UK
Rashio_UK said:
i live in the UK and it is not warm here just always raining and winding

Sooo True. :mad:

I am in the procese of getting water cooling and was thing of doing a simmelar thing, may use a fridge or something like that??
 

E-Licious

Member
Joined
Dec 27, 2003
BladeRunner said:
Basically taking a for instance.....

If you have say a 28ºC PC ambient air temp, (remember the inside of the PC maybe hotter than the room), and the humidity is 55%, then any waterblock, (or other object), will begin to form condensation on it's surface at the cross referenced temp in black on the chart, in this case it's 18.1ºC. As you go lower then condensation will form faster assuming no changes in the other variables, and of course they are all variables, so the condensation point is never exactly same hour to hour, and can vary wildly in a changeable climate like the UK....... hence my quest for a more stable coolant temp to help control one of the variables.

I see, so the temp of the water block will be between the temp of the coolant and the temp of the CPU. The floor of this will be the temp of the coolant, so as long as coolant stays above the temp in the chart, you are safe from condensation, correct?
 

BladeRunner

Yoda of Silent cooling
Joined
Jul 30, 2001
Location
Chesterfield Uk
The numbers in black are the temp condensation will begin to form on any surface when the known temp, (in red), & humidity, (in blue), are cross referenced.

look at the red column that is the ambient air temp so like I said look at 28C in red as a for instance.

Now follow that 28C line across the blue colour to the relative humidity, (you would need a humidity meter to know this and digital ones are availble quite cheep now), as a for instance say the humidity is 55%. The Number in black where the 28c & 55% cross gives us 18.1C and this would be the dew point with that temp (28C) & humidity (55%).

If your coolant was 18.5c in that situation you should not get condensation form but at 17.5C you most likely would....I've been using that chart for a while and can say it's pretty accurate.

You can't guess the humidity by how it feels to you, especially if its cold, Your room maybe 17c now but how hot does it get in the humid summer?, with 90% humidity, there isn't much leeway. (I saw 88% on my display last summer at one point and had to bypass the underground tank).

By all means try an outside rad, just be aware of the possible condensation issues. The other option is to insulate all the blocks and tubes, a right royal pita but can be done.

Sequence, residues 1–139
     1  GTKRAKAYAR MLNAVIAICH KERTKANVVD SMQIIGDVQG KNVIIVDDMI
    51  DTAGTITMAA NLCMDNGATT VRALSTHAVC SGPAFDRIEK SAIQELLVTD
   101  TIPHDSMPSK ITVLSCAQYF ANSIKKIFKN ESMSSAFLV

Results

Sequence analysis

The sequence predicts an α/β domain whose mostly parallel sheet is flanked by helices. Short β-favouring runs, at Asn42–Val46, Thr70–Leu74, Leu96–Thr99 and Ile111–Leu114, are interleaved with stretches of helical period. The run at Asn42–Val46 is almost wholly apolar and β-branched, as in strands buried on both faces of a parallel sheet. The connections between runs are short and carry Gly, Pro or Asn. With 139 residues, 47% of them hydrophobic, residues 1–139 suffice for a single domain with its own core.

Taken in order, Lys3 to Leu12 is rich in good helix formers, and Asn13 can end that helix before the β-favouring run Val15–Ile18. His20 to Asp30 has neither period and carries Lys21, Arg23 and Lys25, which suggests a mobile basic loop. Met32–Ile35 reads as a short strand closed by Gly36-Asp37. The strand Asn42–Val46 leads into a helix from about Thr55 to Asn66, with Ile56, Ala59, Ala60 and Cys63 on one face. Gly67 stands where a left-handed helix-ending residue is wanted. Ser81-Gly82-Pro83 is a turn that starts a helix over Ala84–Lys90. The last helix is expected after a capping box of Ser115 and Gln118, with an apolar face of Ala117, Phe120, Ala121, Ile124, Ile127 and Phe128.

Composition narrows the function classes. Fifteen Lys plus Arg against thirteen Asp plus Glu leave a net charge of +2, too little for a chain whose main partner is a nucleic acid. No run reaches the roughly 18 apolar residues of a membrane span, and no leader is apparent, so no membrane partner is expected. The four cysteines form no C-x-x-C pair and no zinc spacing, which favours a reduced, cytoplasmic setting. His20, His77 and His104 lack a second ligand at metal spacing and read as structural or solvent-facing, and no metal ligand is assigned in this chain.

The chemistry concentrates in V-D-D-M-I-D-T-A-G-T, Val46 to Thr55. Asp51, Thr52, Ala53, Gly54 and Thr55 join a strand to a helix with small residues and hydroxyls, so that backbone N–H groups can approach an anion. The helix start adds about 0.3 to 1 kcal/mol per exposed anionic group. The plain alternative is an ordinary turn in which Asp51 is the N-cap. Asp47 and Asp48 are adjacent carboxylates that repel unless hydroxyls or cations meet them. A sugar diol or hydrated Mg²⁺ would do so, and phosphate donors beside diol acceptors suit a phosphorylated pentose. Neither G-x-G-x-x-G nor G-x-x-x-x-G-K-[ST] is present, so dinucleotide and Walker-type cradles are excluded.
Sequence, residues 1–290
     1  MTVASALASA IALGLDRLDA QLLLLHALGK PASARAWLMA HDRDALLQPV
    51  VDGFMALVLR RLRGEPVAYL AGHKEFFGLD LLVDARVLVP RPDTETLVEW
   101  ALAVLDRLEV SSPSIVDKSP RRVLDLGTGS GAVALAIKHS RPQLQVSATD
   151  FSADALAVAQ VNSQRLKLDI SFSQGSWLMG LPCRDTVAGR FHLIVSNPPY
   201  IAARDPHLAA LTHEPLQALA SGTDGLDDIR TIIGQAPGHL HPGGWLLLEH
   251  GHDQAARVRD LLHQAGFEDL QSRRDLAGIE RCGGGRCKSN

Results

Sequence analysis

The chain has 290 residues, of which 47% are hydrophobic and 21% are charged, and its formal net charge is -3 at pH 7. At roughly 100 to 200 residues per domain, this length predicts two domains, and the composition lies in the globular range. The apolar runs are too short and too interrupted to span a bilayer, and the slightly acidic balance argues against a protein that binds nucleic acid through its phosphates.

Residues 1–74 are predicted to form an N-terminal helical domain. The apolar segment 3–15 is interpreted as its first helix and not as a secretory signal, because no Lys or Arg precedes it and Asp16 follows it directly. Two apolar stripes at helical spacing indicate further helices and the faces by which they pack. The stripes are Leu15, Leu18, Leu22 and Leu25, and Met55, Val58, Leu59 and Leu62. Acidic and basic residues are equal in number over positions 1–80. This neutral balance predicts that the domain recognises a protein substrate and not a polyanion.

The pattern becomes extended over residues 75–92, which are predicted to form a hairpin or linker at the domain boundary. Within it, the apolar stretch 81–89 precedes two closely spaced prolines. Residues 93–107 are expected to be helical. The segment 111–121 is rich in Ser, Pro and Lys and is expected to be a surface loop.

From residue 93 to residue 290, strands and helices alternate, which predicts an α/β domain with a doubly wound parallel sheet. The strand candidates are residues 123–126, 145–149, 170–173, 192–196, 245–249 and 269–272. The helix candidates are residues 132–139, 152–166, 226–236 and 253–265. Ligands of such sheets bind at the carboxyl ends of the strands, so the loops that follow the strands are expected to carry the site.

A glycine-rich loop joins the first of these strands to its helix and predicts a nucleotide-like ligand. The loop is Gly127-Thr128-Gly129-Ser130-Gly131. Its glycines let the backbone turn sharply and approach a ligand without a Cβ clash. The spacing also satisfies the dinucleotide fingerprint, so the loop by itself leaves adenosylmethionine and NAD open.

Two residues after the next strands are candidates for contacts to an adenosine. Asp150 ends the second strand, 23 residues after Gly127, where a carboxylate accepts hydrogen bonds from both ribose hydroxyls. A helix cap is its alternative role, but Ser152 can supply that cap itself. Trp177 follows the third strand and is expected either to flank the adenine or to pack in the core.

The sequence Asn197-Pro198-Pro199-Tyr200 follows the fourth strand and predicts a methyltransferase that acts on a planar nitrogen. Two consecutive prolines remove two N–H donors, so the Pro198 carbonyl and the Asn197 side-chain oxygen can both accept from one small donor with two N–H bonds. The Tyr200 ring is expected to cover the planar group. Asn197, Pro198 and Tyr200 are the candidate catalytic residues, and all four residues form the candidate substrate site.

kouch

Member
Joined
Dec 5, 2003
Location
St. Louis, MO
ZedBias said:


Sooo True. :mad:

I am in the procese of getting water cooling and was thing of doing a simmelar thing, may use a fridge or something like that??

I wouldn't recommend a fridge, no fridge can take a constant heat load, they are not designed for it.
 

ZedBias

Member
Joined
Apr 2, 2003
Location
UK
kouch said:


I wouldn't recommend a fridge, no fridge can take a constant heat load, they are not designed for it.

What about if I had a buckiet in the fridge and all the fridge had to do was keep the bucket chilled. If a fridge wont work wot about a freezer?
 

BladeRunner

Yoda of Silent cooling
Joined
Jul 30, 2001
Location
Chesterfield Uk
It doesn't matter if you have a rad, bucket or whatever in the fridge its still introducing a constant heat load into the fridge. Domestic fridges & freezers are not designed to cool heat producing food. It can & has been made to work but is far from ideal, and unless the fridge in question is a pretty mega one, it will probably run flat out all the time, as such probably wont last long.
 

ZedBias

Member
Joined
Apr 2, 2003
Location
UK
OH OK :(

What other things can you do to chill the water to less than ambient temps??
 

BladeRunner

Yoda of Silent cooling
Joined
Jul 30, 2001
Location
Chesterfield Uk
bury a tank or pipes underground gives you pretty stable chilled coolant, but its pretty impractical for most people. Tec chillers are another option but very inefficient. A large rad remoted in a cooler place, with a large fan is another way to get cooler temps. I'm using an old JCB rad with a kenlowe fan at 3v at the moment .... works well.

more about it here:- http://forums.procooling.com/vbb/showthread.php?t=7460